Subject: I have found a CD that I think you would enjoy
Behold & See
Genres: Rock, Classic Rock
Listen to Samples
Better than the debut LP
R. Wagner | Worthington, Ohio United States | 04/16/2008
(5 out of 5 stars)
"Behold & See, the second release from Ultimate Spinach is so much better than their debut release. The music, lyrics and concept are steeped in 1968 psychedelia. [NOTE: Buy the Irismusicgroup CD as it is taken from the original release. It sounds like it was mastered from a tape source (minor hiss) but contains two mono bonus tracks. The Big Beat CD is digitally remastered by Alan Lorber but contains edited versions, a revised track listing and completely removes the 'Visions of Your Reality' track.] If it were only for the song 'Mind Flowers' it would be worth the price of the CD. This track is 10 minutes of quintessential trip music-a disembodied narrative being echoplexed, duelling lead guitars both in freakout mode, tape manipulations and lyrics like "You see 1000 poppies as tomorrow's gods!" What is not to like?? 'Jazz Thing" and 'Genesis of Beauty' showcase the jazzier side of this band. I bought this LP in 1968 and it's still one of my favorites of that era. If you want to explore Ultimate Spinach at it's finest this is the CD to own. It's dated for sure but it's the real deal."
Just great Psychedelia!!!
Merry Present | LAWRENCE, KS USA | 06/26/2007
(4 out of 5 stars)
"Wow first off, this album is absolutley fantastic if you're into psychedelia, which I am (actually I LOVE psychedlic music so much that, for me, the word "psychedelia" has become a bit redundant). It really is a great album to lose your self into. Anyway, I guess I'll go ahead and say I'm a like a librarian to these sort of albums, and I'd say here is a group the really tried hard to sound psychedelic. Now, there are two types of "psychedelic" bands: Ones that TRY HARD to sound all trippy and stuff, and then there are the real bands (like County Joe and The Fish, and Pink Floyd) who don't have to try to sound like another great psychedelic band. Therefore, Ultimate Spinach is kind've an experimental psychedelic album, by which I mean the artist really hoped it would please the masses of 1968 and quell their psychedelic listening needs...and beleive me, they succeeded! They just didn't quite have the natural early-Pink Floyd or Country Joe magic element.
Sound quality was about the same as I'd expect from an LP source, but given the EXTREME EXTREME obscurity of this album, this CD is totaly worth every penny (and hey, the sound quality is good/average, but there is a dull hiss at the beginning of some tracks. Speaking of tracks....well, instead of droning on about each individual track, I will say that as a whole album, this is a superb listening experience. Actually, I will point out one track..."Mind Flowers".........oh yeah, and the "suite of beauty" number. Now these tracks are the most psychedelic part of the album (which both tracks account for probably about 15 minutes of it) and really are a psychedelic groove. Enjoy! You won't be sorry..."
Great Forgotten Psychedelia
Fred Rayworth | Las Vegas, NV United States | 09/24/2008
(4 out of 5 stars)
"I bought this album 30 years ago from the Columbia Record Club, mainly because I'd seen and heard of the name for years and was curious. However, back then, I don't remember playing it much because of the first song on each side. The songs themselves weren't bad, but I didn't like the female vocalist. Her voice is very powerful and midrange, but so powerful it's grating and harsh. I seem to remember putting on the first side, hearing that voice and taking it off, flipping it over, and getting the same thing, so I shelved it.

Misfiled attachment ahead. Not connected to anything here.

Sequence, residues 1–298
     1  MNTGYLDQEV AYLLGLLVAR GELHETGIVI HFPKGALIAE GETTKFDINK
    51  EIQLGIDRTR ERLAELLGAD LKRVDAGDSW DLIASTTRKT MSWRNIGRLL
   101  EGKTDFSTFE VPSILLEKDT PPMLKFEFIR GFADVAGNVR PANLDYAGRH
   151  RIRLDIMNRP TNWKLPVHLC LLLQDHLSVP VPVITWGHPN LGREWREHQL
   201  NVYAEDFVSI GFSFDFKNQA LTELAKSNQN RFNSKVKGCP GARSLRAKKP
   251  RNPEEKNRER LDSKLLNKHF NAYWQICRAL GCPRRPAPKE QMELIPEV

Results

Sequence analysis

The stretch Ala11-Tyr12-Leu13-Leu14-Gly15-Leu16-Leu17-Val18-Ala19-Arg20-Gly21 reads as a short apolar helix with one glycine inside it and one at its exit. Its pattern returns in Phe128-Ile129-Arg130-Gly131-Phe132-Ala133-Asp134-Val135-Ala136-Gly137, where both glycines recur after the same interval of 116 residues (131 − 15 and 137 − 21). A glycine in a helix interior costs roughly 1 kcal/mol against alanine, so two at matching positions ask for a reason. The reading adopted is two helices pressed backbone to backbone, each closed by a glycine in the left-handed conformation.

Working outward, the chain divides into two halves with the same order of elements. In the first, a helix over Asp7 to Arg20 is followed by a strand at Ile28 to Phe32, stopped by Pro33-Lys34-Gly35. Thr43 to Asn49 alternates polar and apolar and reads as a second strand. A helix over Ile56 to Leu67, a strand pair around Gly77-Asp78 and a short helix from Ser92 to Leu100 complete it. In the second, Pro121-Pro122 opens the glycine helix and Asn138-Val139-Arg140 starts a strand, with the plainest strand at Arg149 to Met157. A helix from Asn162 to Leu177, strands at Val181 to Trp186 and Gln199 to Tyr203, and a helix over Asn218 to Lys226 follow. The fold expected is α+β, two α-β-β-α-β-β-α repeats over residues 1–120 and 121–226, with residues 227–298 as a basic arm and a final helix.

Fast forward to September 2008. I burned it to CD and despite not remembering playing it that much, there were enough scratches on it to show that apparently, I did play it some.
As I listened to it, a few of the tracks gave me flashbacks of familiarity. All that being said, I've looked at it with different eyes, and these are my impressions.
I like the first song on each side, though I don't like the female vocalist. It is funny that each side starts with her singing, and investigation revealed that this woman was a guest musician and not even the original singer from the first album. It became painfully obvious when I heard the rest of the tracks which were sung by Ian Bruce-Douglas, who has a pleasant voice that reminds me of someone else, but can't quite remember who. Anyway... the female harmony vocals are completely different from the harsh midrange of the guest singer, so I think those harmony vocals were probably done by the original female singer. I think the band was in deep turmoil during the recording of this album and as it turns out, they broke up just as it was released.
The music is excellent and I'd have to say it has been undeservedly shoved to obscurity. I understand there was a whole promotional animal in Boston at the time that made this band look like a bunch of phony's, but past history or rumors aside, this is still one great and fascinating piece of psychedelia. Don't let the rumors and innuendo stop you from seeking this album out.
I'll admit the lyrics are pretty much in the (Quoting Frank Zappa here) Candyrock Psychedelic Profundity category. And what's really weird is that I can actually understand everything the singer is saying! That in itself deservers some points.
As stated elsewhere, the music is full of influences, from fuzz guitar to jazz interludes. It's all over the place in subtle style shifts, but still retains a psychedelic feel to it. I would rate the album five stars if it weren't for the annoying lead female vocals on those two songs that mar the overall feel of the music.
If you are into psychedelic music, you shouldn't pass this one up as it is a lost classic. Highly recommended.